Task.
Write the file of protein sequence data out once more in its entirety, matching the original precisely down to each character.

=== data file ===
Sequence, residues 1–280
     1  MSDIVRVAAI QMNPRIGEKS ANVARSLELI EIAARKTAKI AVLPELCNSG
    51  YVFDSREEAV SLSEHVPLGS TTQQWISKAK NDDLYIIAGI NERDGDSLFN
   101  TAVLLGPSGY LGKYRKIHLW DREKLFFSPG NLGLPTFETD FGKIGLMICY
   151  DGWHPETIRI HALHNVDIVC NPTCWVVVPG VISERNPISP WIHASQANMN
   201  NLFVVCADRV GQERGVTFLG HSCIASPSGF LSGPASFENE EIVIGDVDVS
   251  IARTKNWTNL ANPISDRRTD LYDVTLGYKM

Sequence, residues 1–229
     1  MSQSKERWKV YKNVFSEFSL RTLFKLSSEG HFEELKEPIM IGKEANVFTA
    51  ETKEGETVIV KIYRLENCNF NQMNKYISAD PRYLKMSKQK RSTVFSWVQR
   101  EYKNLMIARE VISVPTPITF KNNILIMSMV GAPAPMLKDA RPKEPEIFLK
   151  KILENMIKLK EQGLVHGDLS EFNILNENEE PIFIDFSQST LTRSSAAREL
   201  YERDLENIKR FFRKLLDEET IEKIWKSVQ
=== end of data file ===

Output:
Sequence, residues 1–280
     1  MSDIVRVAAI QMNPRIGEKS ANVARSLELI EIAARKTAKI AVLPELCNSG
    51  YVFDSREEAV SLSEHVPLGS TTQQWISKAK NDDLYIIAGI NERDGDSLFN
   101  TAVLLGPSGY LGKYRKIHLW DREKLFFSPG NLGLPTFETD FGKIGLMICY
   151  DGWHPETIRI HALHNVDIVC NPTCWVVVPG VISERNPISP WIHASQANMN
   201  NLFVVCADRV GQERGVTFLG HSCIASPSGF LSGPASFENE EIVIGDVDVS
   251  IARTKNWTNL ANPISDRRTD LYDVTLGYKM

Sequence, residues 1–229
     1  MSQSKERWKV YKNVFSEFSL RTLFKLSSEG HFEELKEPIM IGKEANVFTA
    51  ETKEGETVIV KIYRLENCNF NQMNKYISAD PRYLKMSKQK RSTVFSWVQR
   101  EYKNLMIARE VISVPTPITF KNNILIMSMV GAPAPMLKDA RPKEPEIFLK
   151  KILENMIKLK EQGLVHGDLS EFNILNENEE PIFIDFSQST LTRSSAAREL
   201  YERDLENIKR FFRKLLDEET IEKIWKSVQ